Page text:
Amendments to lobbying bill still insufficient, say sector body leaders

Sir Stuart Etherington of the NCVO (pictured) and Sir Stephen Bubb of Acevo say the measure would still limit the ability of charities to campaign

Sir Stuart Etherington
Sir Stuart Etherington

Amendments to the lobbying bill published today by the government do not go far enough, according to the heads of the sector infrastructure bodies the National Council for Voluntary Organisations and Acevo.

Sector bodies have previously objected to parts of the Transparency of Lobbying, Non-Party Campaigning and Trade Union Administration Bill that they say limit charities’ ability to campaign. The government’s amendments are intended to meet those objections.

The bill contains proposals to make it a criminal offence to spend more than £390,000 on campaigns that affect European, national and local elections in the year before those elections.

Charities had warned that a new definition of election campaigning was so wide that it could catch many legitimate charitable activities, and said that elections were so frequent that the new law would, in effect, stop many charities campaigning altogether.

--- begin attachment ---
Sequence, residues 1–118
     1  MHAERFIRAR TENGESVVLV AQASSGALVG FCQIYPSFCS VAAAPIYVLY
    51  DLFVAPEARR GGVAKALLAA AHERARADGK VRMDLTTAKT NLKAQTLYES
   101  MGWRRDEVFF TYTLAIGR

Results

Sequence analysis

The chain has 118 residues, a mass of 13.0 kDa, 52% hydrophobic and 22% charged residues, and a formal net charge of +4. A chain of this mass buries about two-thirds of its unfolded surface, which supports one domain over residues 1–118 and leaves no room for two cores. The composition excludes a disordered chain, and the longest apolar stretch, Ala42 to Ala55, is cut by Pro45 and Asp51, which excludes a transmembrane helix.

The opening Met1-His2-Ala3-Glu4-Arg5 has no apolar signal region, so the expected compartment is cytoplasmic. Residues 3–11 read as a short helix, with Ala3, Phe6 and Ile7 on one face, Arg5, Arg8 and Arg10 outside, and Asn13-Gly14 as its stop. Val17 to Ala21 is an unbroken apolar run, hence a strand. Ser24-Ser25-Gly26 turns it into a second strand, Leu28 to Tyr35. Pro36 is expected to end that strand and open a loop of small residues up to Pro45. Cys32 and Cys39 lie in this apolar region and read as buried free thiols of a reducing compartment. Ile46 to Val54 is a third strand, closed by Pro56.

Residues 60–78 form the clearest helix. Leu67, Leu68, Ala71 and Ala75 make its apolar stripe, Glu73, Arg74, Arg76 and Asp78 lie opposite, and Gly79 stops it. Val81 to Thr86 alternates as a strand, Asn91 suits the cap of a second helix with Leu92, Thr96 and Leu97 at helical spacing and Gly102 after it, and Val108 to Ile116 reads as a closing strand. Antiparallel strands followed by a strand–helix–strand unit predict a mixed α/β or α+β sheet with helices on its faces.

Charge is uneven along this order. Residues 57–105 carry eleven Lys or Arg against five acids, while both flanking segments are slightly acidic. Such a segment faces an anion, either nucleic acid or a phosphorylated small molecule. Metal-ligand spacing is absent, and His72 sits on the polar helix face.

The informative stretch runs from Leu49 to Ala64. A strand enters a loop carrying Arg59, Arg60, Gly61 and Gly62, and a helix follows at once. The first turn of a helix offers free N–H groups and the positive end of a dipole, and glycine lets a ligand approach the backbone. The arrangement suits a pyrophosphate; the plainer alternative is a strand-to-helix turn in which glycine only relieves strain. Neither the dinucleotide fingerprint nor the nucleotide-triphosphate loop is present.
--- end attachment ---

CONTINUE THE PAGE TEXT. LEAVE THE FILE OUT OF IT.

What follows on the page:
The amendments reintroduce a definition of political lobbying that is similar to the one that currently exists in law. But the two leaders said this definition was already troublesome for campaigning charities and that several other concerns with the bill, such as reduced limits on how much could be spent on campaigning, had not been addressed.

And they criticised the government for introducing the amendments just two working days before they were due to be debated in the House of Commons.

Sir Stuart Etherington, chief executive of the NCVO, said: "The government’s commitment to addressing the legitimate concerns of many charities and other voluntary organisations remains welcome, but the proposed amendments do not go far enough. The assurances given by ministers on the floor of the house to ensure that charities will still be able to support specific policies that might also be advocated by political parties have not been met."

He said legal advice suggested the proposed amendments would still lead to an "excessively bureaucratic and burdensome regime" for sector bodies.

"The amendments leave a great deal of uncertainty and ambiguity," he added. 

Sir Stephen Bubb, chief executive of Acevo, said the bill would increase bureaucracy by cutting the spending thresholds above which organisations would have to register with the Electoral Commission and "drastically cut" the amount charities could spending on public campaigns in election years.

"This bill makes almost no change to lobbying rules while punishing civil society for a loss of trust in politics that is not its fault," he said.

Bubb said the "rushed timeframe" of the amendments was "an object lesson in poor law-making" and that further amendments would still be needed.

David Ainsworth

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